Nurtured by Mother Nature and a gardener's hands, a garden thrives throughout the growing season.
Gardener's chores change with the season. Planting, weeding, feeding, watering, mulching and pruning are done at the most opportune times. The hectic activity of spring sowing shifts to summer mowing.
During intermittent periods throughout the year, gardeners are treated to the relative ease of maintaining the garden and simply enjoying its beauty.
Now that fall has arrived, gardeners prepare for two last activities before the snow flies. One is to assess the garden, taking notes about its changes and on any changes desired. The other is the fall cleanup.
The perfect time to assess the garden is now, as its structure becomes more visible. Take a walk around the garden armed with pencil and paper. Identify areas in which overcrowded perennials have demanded too much space and need thinning. Jot down the names of these plants and their current locations. Think about where they might be transplanted and note that, making a diagram if necessary.
If your garden is too full, jot down the names of friends who might enjoy your extra perennials. Keep your list for easy reference next year when you are ready to move these overcrowded perennials.
Because perennials often "disappear" during the winter, it is helpful to mark the plants with a plastic tag so they can be found easily in early spring. You will want to dig them up soon after they emerge through the spring soil because their small size makes them easier to handle than their mature size at the end of the season.
During your tour, pay attention to the entire garden. Not all fall projects involve plants. For example, does the trellis need rebuilding or repainting? Do the bricks along the garden path need replacing? Is the sitting bench in need of repair? Has the sun blistered the paint off the deck?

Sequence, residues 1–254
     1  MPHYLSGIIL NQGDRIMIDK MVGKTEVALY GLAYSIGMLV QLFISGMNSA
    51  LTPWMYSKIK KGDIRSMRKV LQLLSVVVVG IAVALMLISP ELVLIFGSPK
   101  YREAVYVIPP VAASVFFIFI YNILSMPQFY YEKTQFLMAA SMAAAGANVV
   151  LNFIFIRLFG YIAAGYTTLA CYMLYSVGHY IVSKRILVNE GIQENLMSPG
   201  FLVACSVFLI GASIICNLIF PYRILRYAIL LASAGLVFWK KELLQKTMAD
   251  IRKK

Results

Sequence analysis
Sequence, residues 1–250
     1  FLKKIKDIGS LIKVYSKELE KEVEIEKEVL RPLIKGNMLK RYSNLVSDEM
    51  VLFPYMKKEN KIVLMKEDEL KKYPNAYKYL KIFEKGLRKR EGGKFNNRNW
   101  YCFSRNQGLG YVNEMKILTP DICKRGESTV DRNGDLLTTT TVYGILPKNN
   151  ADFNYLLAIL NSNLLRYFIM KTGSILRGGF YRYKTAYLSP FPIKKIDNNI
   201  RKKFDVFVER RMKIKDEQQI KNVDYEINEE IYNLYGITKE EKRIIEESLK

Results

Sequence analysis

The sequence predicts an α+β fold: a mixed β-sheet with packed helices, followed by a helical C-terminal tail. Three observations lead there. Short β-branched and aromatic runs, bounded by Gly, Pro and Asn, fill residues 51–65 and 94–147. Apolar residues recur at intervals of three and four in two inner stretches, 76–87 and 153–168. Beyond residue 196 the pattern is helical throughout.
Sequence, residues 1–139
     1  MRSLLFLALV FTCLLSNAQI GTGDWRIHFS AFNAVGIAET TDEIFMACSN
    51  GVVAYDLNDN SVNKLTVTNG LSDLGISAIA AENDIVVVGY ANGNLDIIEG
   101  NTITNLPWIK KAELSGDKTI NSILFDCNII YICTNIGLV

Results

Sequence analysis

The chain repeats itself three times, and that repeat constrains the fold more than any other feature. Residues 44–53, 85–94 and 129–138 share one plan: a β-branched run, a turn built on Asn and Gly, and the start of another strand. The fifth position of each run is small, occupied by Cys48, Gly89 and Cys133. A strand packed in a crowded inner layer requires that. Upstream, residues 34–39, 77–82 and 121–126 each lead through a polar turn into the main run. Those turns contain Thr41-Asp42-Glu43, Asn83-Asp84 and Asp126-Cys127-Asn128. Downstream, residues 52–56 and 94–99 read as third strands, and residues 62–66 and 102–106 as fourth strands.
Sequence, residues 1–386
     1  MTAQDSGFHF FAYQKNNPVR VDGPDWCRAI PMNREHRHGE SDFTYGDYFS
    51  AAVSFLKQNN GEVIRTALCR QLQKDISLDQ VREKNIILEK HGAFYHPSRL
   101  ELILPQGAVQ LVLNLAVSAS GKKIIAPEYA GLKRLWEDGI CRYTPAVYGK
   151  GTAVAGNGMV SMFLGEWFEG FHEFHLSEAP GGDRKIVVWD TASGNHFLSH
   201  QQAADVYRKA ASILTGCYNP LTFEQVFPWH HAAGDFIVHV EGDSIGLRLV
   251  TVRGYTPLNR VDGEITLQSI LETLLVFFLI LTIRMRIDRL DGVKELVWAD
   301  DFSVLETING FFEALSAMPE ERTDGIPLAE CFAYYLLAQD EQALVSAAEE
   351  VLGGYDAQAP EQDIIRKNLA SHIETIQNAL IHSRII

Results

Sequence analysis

On your note-taking garden stroll, pay attention to what Mother Nature may have done to your garden. The summer may have beaten it up fairly well. Repair or remove any damaged plants, those that have succumbed to the relentless summer heat, dry winds and scarce water.
Perhaps you need to prune a tree limb snapped during a brisk wind. Perhaps you want to collect seeds. Store them in a dry place until spring. Note the maturation of the compost pile. This time of year is ideal for spreading aged compost into the garden soil. Its organic magic will work throughout the winter. Plus, you will have plenty to add to it during your fall cleanup.
For your garden cleanup, cut back the foliage of perennials to about 4 inches. Iris and mums are two Kansas favorites in need of a fall trimming.
Once frost has claimed the flowering annuals, pluck them from the garden and toss them into the compost heap along with leaves and other garden material. To prevent spreading diseases, avoid adding diseased plants to the compost pile, such as rose leaves with black spot.
Next, clear the garden of all the debris that has gathered. Rake up tree leaves, fallen twigs and the dried stalks of plants. Pick up and discard any paper debris that may have been blown into the garden. Retrieve golf balls, soccer balls and other wayward toys and return them to their rightful owners.
Some plants, such as wildflowers, shrubs and newly planted trees, need winter protection for their roots against exposure as the soil heaves with the winter freezes and thaws. Mulching for the winter freezes should wait until after the ground is frozen. This discourages pests from nesting in the mulch against still warm soil and nibbling away at the plants.
Some evergreens are damaged by the dry, cold winds of winter. Antidesiccant sprays prevent drying out by forming a film on the leaf surfaces. An application in November and February is generally sufficient.
Unfortunately, weeding is a chore that isn't confined to one season. It is a never-ending task. Continuing to weed the garden throughout fall reduces the opportunity for weeds to set their seeds, making your spring weeding more manageable.
These few simple chores done over the next several weeks will leave your garden in prime shape for the winter months, making the start of next spring's season more enjoyable.
Carol Boncella is education coordinator at Lawrence Memorial Hospital and garden writer for the Journal-World.